Waverly Duck, PhD

  • Associate Professor

Waverly Duck is an urban sociologist and Associate Professor of Sociology at the University of Pittsburgh. He is the author of No Way Out: Precarious Living in the Shadow of Poverty and Drug Dealing (University of Chicago Press, 2015), which was a finalist for the Society for the Study of Social Problem 2016 C. Wright Mills Book Award. His new book on unconscious racism, Tacit Racism, co-authored with Anne Rawls, is due out in May of 2020 with the University of Chicago Press.

After receiving his Ph.D. in sociology from Wayne State University in 2005, Professor Duck was a visiting scholar at the University of Pennsylvania. Following this, he held a three-year post-doctoral appointment at Yale University before joining the faculty at the University of Pittsburgh in 2010. Professor Duck also served as Associate Director of the Yale Urban Ethnography Project, where he is currently a Senior Fellow. From 2013 to 2014, he was a visiting professor in the Department of Sociology at the University of Wisconsin-Madison, where he conducted research at the Waisman Center, a research clinic dedicated to examining childhood psychopathology.

He teaches on a wide number of topics, including urban sociology, inequality (race, class, gender, health, and age), qualitative methods, culture, communication, ethnomethodology, and ethnography, and is a two-time winner of the University of Pittsburgh Student Choice Teaching Award. Professor Duck was recently a CAUSE Fellow/Visiting Associate Professor at Carnegie Mellon University’s Center for African American Urban Studies & the Economy, and is the former Director of Urban Studies at the University of Pittsburgh.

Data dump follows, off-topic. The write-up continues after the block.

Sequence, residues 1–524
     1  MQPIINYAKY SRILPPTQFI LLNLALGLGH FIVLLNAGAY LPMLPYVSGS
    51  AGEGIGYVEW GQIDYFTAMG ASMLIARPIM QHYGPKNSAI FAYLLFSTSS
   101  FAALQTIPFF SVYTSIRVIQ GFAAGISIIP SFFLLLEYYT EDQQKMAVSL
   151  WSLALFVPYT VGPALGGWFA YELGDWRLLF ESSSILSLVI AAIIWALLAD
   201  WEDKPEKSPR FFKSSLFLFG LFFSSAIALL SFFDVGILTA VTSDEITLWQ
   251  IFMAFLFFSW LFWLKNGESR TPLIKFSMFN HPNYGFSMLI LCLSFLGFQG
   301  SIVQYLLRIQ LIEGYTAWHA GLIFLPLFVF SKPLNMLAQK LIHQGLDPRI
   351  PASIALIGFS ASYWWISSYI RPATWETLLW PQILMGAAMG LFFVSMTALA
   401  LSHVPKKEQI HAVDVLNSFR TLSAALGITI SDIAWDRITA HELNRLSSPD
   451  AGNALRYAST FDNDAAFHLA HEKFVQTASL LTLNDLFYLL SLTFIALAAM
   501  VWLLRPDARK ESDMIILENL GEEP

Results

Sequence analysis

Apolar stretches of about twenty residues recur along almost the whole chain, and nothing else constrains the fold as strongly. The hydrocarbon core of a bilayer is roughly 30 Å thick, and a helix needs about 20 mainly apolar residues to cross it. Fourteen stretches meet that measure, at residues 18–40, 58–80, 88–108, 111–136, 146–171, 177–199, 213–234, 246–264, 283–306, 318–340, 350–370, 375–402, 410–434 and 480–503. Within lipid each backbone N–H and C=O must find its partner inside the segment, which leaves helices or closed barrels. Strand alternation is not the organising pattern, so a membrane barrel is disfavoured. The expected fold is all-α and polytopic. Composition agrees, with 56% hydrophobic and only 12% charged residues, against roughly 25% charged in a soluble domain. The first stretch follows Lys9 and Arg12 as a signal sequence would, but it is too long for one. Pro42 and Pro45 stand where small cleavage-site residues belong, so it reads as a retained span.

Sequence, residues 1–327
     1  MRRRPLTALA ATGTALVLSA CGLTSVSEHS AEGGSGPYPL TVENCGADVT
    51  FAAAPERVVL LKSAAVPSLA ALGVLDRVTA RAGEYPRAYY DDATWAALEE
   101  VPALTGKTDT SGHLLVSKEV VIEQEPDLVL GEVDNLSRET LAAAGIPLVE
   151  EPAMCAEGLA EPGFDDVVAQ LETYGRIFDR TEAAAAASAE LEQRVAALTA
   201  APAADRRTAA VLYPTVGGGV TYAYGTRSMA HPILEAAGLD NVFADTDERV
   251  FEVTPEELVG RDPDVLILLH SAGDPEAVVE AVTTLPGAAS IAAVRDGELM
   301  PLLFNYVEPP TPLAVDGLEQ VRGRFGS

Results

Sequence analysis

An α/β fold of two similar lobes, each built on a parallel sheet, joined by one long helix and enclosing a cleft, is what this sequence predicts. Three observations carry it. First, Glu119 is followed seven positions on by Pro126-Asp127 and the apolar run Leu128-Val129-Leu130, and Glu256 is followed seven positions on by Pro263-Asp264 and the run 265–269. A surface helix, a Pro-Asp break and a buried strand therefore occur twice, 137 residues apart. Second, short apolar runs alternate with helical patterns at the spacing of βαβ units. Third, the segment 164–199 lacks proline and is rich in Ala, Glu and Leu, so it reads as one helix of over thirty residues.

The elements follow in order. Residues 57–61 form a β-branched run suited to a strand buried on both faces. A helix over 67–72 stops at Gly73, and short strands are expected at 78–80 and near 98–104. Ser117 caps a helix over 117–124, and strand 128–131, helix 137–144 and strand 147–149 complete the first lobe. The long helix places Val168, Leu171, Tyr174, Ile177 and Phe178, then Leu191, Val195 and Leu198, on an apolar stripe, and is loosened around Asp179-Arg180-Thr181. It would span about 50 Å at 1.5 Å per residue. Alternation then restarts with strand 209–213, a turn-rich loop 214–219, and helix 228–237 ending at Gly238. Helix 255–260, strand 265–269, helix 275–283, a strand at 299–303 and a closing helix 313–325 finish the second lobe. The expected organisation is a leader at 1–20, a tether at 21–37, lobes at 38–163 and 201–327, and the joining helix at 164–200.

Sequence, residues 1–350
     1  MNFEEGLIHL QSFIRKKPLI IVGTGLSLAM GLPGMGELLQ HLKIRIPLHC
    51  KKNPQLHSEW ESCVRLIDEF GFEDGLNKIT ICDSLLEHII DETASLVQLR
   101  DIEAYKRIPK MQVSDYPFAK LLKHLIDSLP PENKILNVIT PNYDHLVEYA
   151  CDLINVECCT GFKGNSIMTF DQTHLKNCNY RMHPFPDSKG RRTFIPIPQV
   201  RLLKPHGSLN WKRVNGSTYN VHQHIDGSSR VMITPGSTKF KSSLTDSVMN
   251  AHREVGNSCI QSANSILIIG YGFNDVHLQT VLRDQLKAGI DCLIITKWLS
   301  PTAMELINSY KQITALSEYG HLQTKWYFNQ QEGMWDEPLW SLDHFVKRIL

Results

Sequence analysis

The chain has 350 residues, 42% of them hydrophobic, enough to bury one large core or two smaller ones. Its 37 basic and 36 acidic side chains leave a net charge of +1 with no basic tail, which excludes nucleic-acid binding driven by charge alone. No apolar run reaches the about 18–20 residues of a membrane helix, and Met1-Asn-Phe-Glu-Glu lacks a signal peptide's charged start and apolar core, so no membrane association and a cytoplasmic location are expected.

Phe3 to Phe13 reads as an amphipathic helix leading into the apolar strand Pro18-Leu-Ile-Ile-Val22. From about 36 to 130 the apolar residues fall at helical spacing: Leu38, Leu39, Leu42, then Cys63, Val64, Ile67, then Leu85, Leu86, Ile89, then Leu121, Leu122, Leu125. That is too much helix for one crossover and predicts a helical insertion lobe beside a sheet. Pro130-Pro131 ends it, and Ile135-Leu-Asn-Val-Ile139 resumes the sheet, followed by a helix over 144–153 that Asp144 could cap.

He is currently completing a visiting appointment at Georgetown University where he is the Royster B Davis, S.J. College Chair Distinguished Professor of Sociology.  His current research involves several projects focusing on gentrification, displacement, and food apartheid. Like his earlier work, his current research investigates the challenges faced by socially marginal groups.  However, it is more directly concerned with how residents of marginalized communities identify problems and what they think are viable solutions.

Education & Training

  • Post-Doctoral Associate, Yale University, 2007-2010
  • PhD, Wayne State University, 2005
  • MSc, Wayne State University School of Medicine, 2002
  • BA, Wayne State University, 1998

Research Interests

  • Urban sociology
  • Ethnography and ethnomethodology
  • Race and ethnicity
  • Culture
  • Health disparities
  • Criminology
  • Inequality and social justice
  • Theories of the interaction order

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